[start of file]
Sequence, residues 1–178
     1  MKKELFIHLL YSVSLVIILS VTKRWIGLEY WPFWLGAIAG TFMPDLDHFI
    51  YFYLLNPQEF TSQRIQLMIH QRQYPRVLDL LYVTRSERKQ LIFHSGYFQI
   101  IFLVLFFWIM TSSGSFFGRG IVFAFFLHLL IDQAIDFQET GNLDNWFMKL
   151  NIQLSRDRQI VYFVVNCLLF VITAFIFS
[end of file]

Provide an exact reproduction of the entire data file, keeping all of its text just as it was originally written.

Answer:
Sequence, residues 1–178
     1  MKKELFIHLL YSVSLVIILS VTKRWIGLEY WPFWLGAIAG TFMPDLDHFI
    51  YFYLLNPQEF TSQRIQLMIH QRQYPRVLDL LYVTRSERKQ LIFHSGYFQI
   101  IFLVLFFWIM TSSGSFFGRG IVFAFFLHLL IDQAIDFQET GNLDNWFMKL
   151  NIQLSRDRQI VYFVVNCLLF VITAFIFS